Today we are focusing on the latter in an article just published in The Hill, written by leading long-term care expert Steve Moses and Galen Senior Fellow and Medicaid expert Brian Blase. The title says it all: “Using Medicaid to protect inheritances.”
Here’s the issue: Many affluent Americans are hiring lawyers to protect their estates so they don’t have to spend their own money on long-term care. Homes of more than $900,000 in some states, as well as retirement accounts of near unlimited amounts, can be safely tucked away to pass on to their children while the taxpayer pays for their nursing home care.
“Government should provide Medicaid for the truly indigent,” Moses and Blase write, “but allowing middle and upper-income Americans to preserve a greater inheritance weakens the safety net for those who most need it and is unfair to taxpayers and those who prepare properly.”
The number of Americans over 65 increases by about 4,000 each day, causing the finances of many government programs to become more precarious. Medicaid pays nearly half the nation’s long-term care bills, and improper payments in the program exceed $100 billion a year.
“With minimal prior planning, child heirs can preserve their inheritance by arranging their parents’ finances and assets so that Medicaid picks up the tab in the event long-term care services are necessary. A cottage legal industry has emerged to assist heirs in creating such wealth management schemes,” they write. “A prominent economic study found that Medicaid largely crowds out the market for private long-term care insurance.”
Congress tried to address this with The Omnibus Budget Reconciliation Act of 1993 “that required states to recover long-term care costs borne by the Medicaid program from the estates of deceased recipients,” the explain. “The primary asset in most estates is the home, and U.S. seniors hold $7 trillion of home equity. This law sends the message that Medicaid would pay long-term care bills, but the tab, or at least a portion of it, would be paid out of the deceased person’s estate.”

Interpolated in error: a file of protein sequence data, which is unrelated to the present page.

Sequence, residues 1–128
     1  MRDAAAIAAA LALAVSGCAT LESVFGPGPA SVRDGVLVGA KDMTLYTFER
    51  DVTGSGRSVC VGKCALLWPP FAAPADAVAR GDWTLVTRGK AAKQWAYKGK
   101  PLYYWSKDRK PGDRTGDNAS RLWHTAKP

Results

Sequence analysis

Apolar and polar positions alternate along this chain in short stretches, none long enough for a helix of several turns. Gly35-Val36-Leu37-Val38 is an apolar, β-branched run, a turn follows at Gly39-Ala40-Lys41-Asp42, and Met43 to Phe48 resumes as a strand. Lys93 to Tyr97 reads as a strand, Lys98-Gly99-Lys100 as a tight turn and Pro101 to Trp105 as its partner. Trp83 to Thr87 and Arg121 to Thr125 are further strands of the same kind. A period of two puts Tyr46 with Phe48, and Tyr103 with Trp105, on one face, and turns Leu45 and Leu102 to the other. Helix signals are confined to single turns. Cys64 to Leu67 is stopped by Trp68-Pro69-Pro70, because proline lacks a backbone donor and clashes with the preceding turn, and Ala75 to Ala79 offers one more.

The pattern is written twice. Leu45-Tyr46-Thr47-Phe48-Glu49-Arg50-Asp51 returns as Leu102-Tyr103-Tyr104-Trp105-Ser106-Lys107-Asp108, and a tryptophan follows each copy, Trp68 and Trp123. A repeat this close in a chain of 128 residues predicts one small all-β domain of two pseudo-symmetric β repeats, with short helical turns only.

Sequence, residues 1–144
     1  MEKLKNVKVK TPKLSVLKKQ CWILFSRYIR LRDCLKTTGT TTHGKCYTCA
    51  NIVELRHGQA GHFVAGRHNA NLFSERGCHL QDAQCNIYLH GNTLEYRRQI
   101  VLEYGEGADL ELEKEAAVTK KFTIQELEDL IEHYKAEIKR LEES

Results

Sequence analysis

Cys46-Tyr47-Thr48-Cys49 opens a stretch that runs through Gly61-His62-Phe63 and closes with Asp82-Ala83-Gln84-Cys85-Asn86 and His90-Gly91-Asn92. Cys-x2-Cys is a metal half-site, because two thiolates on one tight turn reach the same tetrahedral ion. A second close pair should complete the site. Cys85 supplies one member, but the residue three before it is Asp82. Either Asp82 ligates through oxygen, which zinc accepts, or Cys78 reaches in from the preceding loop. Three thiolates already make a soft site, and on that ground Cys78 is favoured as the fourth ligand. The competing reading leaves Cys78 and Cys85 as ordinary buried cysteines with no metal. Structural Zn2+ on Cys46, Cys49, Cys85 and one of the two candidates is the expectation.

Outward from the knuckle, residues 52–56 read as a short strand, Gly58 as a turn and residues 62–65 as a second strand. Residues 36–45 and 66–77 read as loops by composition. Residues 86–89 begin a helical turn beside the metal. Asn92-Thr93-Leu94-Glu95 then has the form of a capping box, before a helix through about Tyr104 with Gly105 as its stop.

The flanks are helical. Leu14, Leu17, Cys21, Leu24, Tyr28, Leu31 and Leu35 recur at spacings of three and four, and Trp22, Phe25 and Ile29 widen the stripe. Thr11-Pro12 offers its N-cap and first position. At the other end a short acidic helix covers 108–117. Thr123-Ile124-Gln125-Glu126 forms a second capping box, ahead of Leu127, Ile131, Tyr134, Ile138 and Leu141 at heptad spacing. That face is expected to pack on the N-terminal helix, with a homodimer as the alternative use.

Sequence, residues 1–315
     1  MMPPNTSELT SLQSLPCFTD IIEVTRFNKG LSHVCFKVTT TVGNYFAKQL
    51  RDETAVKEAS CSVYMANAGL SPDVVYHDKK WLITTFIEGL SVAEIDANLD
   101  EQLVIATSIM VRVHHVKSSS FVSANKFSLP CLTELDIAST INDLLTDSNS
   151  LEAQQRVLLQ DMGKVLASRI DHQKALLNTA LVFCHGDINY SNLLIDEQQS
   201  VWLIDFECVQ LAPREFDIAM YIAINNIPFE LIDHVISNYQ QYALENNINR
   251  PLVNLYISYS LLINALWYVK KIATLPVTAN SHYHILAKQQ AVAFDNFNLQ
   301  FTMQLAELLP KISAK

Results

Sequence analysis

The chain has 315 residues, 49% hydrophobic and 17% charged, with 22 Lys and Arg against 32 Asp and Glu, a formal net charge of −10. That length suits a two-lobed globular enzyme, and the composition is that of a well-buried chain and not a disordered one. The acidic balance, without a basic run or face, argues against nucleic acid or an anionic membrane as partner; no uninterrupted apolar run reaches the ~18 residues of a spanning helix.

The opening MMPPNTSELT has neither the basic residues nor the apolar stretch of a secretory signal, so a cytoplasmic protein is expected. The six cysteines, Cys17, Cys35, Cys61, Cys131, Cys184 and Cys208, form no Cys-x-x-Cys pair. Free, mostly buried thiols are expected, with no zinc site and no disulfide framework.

But here’s the news: A Medicaid advisory board has a proposal to make the situation worse, recommending that Congress eliminate the requirement for states to pursue estate recoveries. This will obliterate the incentive for seniors to arrange their financial affairs to plan for their own care out with their own resources, such as purchasing long-term care insurance.
“Here’s our advice,” Moses and Blase write.
- “First, don’t make the problem worse by eliminating estate recovery requirements. Doing so will further reduce incentives to prepare properly for long-term care expenses. It also would permit more heirs to shift costs that their parents’ estate should bear onto taxpayers.”
- “Second, the government should enforce and publicize Medicaid estate recoveries. This would reduce dependency on Medicaid, preserve Medicaid for the truly needy and encourage responsible private behavior. As federal deficits and debt explode, it has never made more sense to limit welfare programs to those who are poor.”
I served on a joint congressional and administration Commission on Long-Term Care in 2013. We produced dozens of recommendations to improve long-term care in America, some of which have been adopted. But the liberal and conservative members of the Commission hit a stalemate over how to pay for long-term care, with some preferring a full-out mandatory, government organized program and others of us arguing for an energized private market for long-term care insurance to make it more attractive for middle-aged Americans to begin planning for their senior years, with a strong safety net for the vulnerable.
If Congress adopts this misguided recommendation from the Medicaid and CHIP Payment and Access Commission (MACPAC), it would be repeating other mistakes of the Biden administration that have disproportionately distributed taxpayer resources to affluent Americans to get health insurance. Congress should reject this latest recommendation by MACPAC, which would take us in very much the wrong direction.
Read full article in The Hill: https://thehill.com/opinion/finance/557675-using-medicaid-to-protect-inheritances